Security Roundup April 2024

Jack Hobden
Jack Hobden
Cyber Security Analyst
29 April 2024

April 2024: Palo Alto Zero-Day Exploited, OWASP Gets Stung, Cyber Gang Crackdown and Microsoft Patch Tuesday.

Urgent Patch Required: Palo Alto Networks Discovers Critical Firewall Vulnerability

After uncovering a zero-day vulnerability in one of its widely-used security products, Palo Alto Networks is urgently pushing businesses to patch the flaw to prevent potential breaches of corporate networks by malicious hackers.

The vulnerability, CVE-2024-3400, was found in recent versions of the PAN-OS software utilised in Palo Alto’s GlobalProtect firewall systems. Palo Alto has classified this vulnerability as critical because it can grant hackers complete control over a vulnerable firewall via the internet without requiring authentication. The ease with which hackers can exploit this weakness remotely exposes numerous firms reliant on such firewalls.

Palo Alto has recommended that customers promptly update affected systems and cautioned that they are “aware of a growing number of attacks” exploiting this zero-day, a term signifying that the company had no advance notice to fix the flaw before malicious actors exploited it.

Volexity, the security firm that initially discovered and reported the vulnerability to Palo Alto, asserted that they had detected signs of malicious exploitation as early as March 26, almost two weeks before Palo Alto released the remedial update.

OWASP Foundation’s Sting After Misconfigured Server Leads to CV Data Breach

A misconfigured MediaWiki web server allowed digital snoops to buzz their way into members of the Open Web Application Security Project (OWASP) Foundation’s CVs, which contained personal information. According to the non-profit organisation, which ironically works to improve web app security, they learned of the misconfiguration and consequent data breach in late February after receiving “a few” sting operation requests.

“We recognise the significance of this breach, especially considering the OWASP Foundation’s emphasis on cybersecurity,” stated OWASP.

Names, email addresses, phone numbers, physical addresses, “and other personally identifiable information” were included in the CVs. While the good news is that these CVs typically have dates at least a decade old, that’s still a lot of people’s information – OWASP has “tens of thousands of members” spread over more than 250 chapters globally.

According to the open-source community, CVs are no longer gathered as part of the membership application process; instead, two-factor authentication is employed to safeguard member data.

To ensure this does not happen again, OWASP stated that it has disabled directory browsing, investigated the web server for additional configuration and security problems and removed all CVs from the website. Additionally, the foundation cleared CloudFlare caches and requested that the accessed material be erased from the online archive.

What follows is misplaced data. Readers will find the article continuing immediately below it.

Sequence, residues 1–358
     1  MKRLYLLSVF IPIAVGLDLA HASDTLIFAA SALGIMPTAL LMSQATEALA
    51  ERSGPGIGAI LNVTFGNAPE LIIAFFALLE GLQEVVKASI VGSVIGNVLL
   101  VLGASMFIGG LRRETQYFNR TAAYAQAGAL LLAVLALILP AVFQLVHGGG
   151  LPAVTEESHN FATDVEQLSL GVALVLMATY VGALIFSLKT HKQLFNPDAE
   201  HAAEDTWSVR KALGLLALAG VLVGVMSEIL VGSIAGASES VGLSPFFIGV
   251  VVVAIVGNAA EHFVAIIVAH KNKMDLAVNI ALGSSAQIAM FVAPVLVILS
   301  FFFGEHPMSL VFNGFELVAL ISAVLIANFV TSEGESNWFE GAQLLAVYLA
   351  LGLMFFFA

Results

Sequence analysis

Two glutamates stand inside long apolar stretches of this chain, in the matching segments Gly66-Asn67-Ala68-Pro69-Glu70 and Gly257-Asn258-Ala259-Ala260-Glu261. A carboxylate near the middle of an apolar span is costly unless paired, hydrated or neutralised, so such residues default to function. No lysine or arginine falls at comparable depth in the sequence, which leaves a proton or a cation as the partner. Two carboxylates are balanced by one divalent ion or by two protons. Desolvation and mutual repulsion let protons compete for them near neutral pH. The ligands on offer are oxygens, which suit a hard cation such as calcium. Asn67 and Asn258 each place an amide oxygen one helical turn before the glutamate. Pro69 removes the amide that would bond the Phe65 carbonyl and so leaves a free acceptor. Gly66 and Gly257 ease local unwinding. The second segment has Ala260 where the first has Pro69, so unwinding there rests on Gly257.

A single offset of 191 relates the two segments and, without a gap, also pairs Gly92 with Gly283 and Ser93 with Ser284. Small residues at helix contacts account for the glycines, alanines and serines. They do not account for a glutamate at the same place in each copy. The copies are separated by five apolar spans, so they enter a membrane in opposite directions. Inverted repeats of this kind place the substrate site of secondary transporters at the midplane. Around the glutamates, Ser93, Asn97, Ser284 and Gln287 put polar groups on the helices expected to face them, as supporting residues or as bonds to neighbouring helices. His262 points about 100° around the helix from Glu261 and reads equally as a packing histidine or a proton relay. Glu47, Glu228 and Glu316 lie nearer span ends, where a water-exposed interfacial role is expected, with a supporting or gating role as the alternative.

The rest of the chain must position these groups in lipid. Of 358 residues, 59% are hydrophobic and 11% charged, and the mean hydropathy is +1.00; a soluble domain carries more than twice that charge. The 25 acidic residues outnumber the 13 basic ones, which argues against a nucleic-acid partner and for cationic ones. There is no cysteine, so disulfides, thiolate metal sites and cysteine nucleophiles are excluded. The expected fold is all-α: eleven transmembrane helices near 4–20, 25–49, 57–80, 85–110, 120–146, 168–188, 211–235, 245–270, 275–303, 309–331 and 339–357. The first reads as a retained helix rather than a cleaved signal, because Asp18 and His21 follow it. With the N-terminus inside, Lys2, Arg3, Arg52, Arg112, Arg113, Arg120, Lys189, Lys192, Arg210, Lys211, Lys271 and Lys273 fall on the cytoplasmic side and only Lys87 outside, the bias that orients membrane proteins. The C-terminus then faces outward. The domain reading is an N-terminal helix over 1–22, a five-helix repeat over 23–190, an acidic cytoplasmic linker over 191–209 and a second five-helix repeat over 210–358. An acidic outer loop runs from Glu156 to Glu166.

Global Cybercrime Crackdown: 37 Arrested in Takedown of LabHost Phishing Operation

37 people have been arrested as part of an international crackdown on LabHost, a cybercrime service used by cybercriminals to steal personal information from victims worldwide. LabHost, described as one of the leading Phishing-as-a-Service (PhaaS) providers, provided phishing pages aimed at banks, high-profile organisations and other service providers, particularly in Canada, the United States and the UK.

According to Trend Micro, LabHost also provides phishing pages for Spotify, postal services such as DHL and An Post, car toll services and insurance providers, as well as the ability for consumers to request the building of custom phishing pages for certain brands.

Between April 14 and 17, 32 more people were arrested as part of a coordinated operation headed by Europol, including four in the United Kingdom who are said to be in charge of designing and running the service.

The phishing pages, linked to phishing and smishing campaigns, are intended to impersonate banks, government institutions and other big organisations, tricking users into inputting their credentials and two-factor authentication (2FA) codes. Names and addresses, emails, dates of birth, typical security question answers, card numbers, passwords and PINs were among the personal information taken.

According to the U.K. Metropolitan Police, LabHost has received around £1 million in payments from illicit customers since its launch. It is anticipated that the business received 480,000 card numbers, 64,000 PINs and at least one million passwords for websites and other online services.

Microsoft Patch Tuesday

As our partners at CrowdStrike reported, Microsoft’s newest patch Tuesday for April 2024 includes security patches for 150 vulnerabilities. There are three critical remote code execution vulnerabilities (CVE-2024-21322, CVE-2024-21323 and CVE-2024-29053), all associated with Microsoft Defender for IoT, Microsoft’s protection platform for IoT devices.

Need Advice?

If you need any advice on this issue or any other cyber security subjects, please contact Protos Networks.

Email: [email protected]
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